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Figure 9. Schematic drawing of the position of primers in the CDS of the highest expressed receptor subunits in 46C ESCs (GluA4, GluN2A, and GluK3). 3′ end primers (second primer pair for each receptor subunit), which pick up the 3′ region of the CDS, were used in qRT-PCRs to verify the full-length expression of receptor transcripts in undifferentiated 46C ESCs. For all investigated iGluR subunits, fragments of the appropiate size were obtained and verified by DNA sequencing. Thus, full-length expression of GluA4, GluN2A, and GluK3 transcripts in undifferentiated 46C ESCs was confirmed, n = 3 independent experiments.

Additionally, we checked the expression of iGluR transcripts in a different, non-engineered ESC line (J1 ESCs). We found transcripts of all three iGluR families to be expressed in undifferentiated J1 ESCs (Figure 10), albeit their expression does not exactly match the expression of receptor subunits in undifferentiated 46C ESCs.

FIGURE 10
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Figure 10. Expression of AMPAR (A), NMDAR (B), and KAR (C) mRNAs in 46C ESCs and J1 ESCs normalized to the expression of the housekeeping gene β-actin (2ΔCt). Undifferentiated J1 ESCs express iGluR subunits at the RNA level. The only expressed AMPAR subunit in J1 ESCs is GluA3, which is only weakly expressed. In contrast to that, J1 ESCs express transcripts of all NMDAR subunits, and the expression of GluN1 and GluN2C is significantly higher in J1 ESCs than in 46C ESCs. The strongest expressed KAR transcript in both 46C ESCs and J1 ESCs is GluK3. Data represent mean ± s.e.m.; statistical significances were assigned by unpaired Student's t-test; *p < 0.05; ***p < 0.001; n = 3–11 independent experiments.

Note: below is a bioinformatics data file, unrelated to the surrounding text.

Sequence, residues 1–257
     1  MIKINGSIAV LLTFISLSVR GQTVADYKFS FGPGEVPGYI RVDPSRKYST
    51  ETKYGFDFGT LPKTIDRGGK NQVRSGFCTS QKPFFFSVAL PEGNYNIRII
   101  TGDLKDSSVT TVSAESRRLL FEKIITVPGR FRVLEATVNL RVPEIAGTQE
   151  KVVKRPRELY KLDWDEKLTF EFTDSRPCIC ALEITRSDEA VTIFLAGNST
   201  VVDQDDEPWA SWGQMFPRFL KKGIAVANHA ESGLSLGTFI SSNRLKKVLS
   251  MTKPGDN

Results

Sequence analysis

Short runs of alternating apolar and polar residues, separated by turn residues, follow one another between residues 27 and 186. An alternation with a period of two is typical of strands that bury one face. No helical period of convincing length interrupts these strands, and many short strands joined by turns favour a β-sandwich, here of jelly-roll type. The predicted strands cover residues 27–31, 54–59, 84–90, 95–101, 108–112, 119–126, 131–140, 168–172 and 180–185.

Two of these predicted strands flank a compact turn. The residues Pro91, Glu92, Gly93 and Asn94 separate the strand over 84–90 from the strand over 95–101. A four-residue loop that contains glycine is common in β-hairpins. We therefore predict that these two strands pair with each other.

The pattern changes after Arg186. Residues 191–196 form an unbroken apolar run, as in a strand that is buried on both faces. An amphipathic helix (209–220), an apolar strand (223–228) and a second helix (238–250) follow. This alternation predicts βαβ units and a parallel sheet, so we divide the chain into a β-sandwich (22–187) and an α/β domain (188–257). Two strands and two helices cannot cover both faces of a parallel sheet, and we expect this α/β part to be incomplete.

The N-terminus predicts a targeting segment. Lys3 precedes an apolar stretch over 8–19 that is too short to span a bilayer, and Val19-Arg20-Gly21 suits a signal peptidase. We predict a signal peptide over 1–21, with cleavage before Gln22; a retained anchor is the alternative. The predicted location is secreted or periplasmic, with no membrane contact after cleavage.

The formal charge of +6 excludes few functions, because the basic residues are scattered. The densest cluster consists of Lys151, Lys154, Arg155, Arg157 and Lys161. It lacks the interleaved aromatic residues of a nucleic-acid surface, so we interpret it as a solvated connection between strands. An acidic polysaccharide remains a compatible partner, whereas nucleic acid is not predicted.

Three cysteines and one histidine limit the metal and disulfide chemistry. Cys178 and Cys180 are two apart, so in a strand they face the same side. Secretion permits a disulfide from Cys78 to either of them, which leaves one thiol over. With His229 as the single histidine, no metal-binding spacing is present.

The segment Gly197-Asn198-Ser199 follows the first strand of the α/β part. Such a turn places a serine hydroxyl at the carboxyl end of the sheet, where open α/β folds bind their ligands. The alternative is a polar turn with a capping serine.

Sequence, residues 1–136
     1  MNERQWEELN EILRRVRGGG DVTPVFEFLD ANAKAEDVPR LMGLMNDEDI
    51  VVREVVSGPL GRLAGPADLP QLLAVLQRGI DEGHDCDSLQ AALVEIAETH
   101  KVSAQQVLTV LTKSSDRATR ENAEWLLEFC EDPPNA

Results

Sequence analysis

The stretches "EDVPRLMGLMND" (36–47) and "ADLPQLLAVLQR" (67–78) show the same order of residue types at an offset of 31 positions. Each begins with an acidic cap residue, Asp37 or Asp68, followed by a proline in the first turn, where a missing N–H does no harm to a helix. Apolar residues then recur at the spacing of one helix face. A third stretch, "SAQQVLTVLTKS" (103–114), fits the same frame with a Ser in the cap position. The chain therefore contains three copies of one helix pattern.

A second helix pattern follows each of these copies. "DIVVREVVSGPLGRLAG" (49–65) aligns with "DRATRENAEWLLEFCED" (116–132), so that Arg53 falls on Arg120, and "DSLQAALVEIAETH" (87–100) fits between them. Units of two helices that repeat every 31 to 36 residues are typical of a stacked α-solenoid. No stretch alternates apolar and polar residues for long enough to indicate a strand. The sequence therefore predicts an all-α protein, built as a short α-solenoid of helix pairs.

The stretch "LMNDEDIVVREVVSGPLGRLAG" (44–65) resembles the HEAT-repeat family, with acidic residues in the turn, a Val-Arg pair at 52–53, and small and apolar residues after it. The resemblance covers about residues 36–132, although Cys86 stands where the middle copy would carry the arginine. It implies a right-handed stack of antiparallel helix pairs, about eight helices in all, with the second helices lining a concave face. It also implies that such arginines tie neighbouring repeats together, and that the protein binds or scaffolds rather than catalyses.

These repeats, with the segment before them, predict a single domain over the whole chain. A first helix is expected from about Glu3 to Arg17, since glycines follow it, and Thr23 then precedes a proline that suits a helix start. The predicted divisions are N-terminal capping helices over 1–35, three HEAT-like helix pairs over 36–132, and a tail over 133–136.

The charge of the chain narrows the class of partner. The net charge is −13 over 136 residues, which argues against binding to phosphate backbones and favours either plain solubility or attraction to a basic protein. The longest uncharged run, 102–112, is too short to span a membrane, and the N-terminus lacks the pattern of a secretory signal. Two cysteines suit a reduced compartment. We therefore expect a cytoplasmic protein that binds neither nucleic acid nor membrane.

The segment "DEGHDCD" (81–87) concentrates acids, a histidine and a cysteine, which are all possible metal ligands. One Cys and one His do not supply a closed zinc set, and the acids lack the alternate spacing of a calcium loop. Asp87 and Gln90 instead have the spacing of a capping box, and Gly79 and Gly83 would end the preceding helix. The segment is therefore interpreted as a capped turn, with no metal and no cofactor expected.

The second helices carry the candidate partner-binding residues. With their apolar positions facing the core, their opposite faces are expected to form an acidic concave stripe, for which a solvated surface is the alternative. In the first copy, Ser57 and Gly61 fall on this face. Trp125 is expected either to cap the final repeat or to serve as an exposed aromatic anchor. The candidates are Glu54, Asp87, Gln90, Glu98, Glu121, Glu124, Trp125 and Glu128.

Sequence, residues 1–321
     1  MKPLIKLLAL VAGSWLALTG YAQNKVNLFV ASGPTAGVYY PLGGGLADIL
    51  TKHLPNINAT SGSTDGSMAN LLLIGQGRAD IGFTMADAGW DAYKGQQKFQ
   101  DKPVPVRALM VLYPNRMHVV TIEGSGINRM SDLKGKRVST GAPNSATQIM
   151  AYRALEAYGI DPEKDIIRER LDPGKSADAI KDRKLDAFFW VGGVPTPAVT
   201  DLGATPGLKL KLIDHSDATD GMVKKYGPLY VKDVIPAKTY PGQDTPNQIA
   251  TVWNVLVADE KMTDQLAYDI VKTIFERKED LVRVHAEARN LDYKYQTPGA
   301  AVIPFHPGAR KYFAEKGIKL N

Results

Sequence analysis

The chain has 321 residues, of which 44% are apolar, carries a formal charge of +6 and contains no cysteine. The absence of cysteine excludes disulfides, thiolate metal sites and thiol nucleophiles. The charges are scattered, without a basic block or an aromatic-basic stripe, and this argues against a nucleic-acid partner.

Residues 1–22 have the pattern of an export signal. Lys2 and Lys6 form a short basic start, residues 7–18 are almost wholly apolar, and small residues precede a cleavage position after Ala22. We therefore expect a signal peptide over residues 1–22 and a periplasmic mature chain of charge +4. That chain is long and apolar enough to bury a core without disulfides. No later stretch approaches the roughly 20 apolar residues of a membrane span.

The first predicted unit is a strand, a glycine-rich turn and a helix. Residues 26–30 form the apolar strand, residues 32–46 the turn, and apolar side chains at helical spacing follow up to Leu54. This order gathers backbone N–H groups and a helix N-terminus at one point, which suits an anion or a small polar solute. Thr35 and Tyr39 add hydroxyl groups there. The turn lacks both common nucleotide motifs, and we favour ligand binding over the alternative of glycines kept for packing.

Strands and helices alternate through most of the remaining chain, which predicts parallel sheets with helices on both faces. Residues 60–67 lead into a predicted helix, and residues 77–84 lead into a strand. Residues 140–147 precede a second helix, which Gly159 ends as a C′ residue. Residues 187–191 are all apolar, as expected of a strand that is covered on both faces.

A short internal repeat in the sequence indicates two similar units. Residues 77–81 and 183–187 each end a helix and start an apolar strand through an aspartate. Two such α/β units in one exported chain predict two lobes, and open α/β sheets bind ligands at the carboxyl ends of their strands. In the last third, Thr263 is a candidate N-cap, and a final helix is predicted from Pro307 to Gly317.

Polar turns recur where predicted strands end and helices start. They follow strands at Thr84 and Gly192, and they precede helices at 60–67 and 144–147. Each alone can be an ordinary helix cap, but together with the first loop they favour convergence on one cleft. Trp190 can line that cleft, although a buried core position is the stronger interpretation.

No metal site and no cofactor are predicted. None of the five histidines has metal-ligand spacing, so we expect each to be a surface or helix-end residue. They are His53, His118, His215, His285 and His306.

The only expressed AMPAR subunit in J1 ESCs is GluA3, which is only weakly expressed in these cells. GluA1, GluA2, and GluA4 are not expressed in J1 ESCs (Figure 10A). In contrast to that, 46C ESCs do not only express GluA3, but also GluA1 and, most prominently, GluA4 (Figures 4, 10A). Regarding NMDAR subunits, J1 express all NMDAR subunits at the RNA level (Figure 10B). In comparison to 46C ESCs, the expression of GluN1 and GluN2C is significantly higher in J1 ESCs than in 46C ESCs. Conversely, GluN2A is significantly lower expressed in J1 ESCs than in 46C ESCs. The mRNA expression of KARs in J1 ESCs is similar to their expression in 46C ESCs: GluK1 is neither expressed in J1 ESCs nor in 46C ESCs, and GluK2, GluK4, and GluK5 are only weakly expressed at the RNA level in both ESC lines. GluK3 is the highest expressed KAR subunit in both J1 and 46C ESCs, and its expression does not differ significantly between both ESC types (Figure 10C).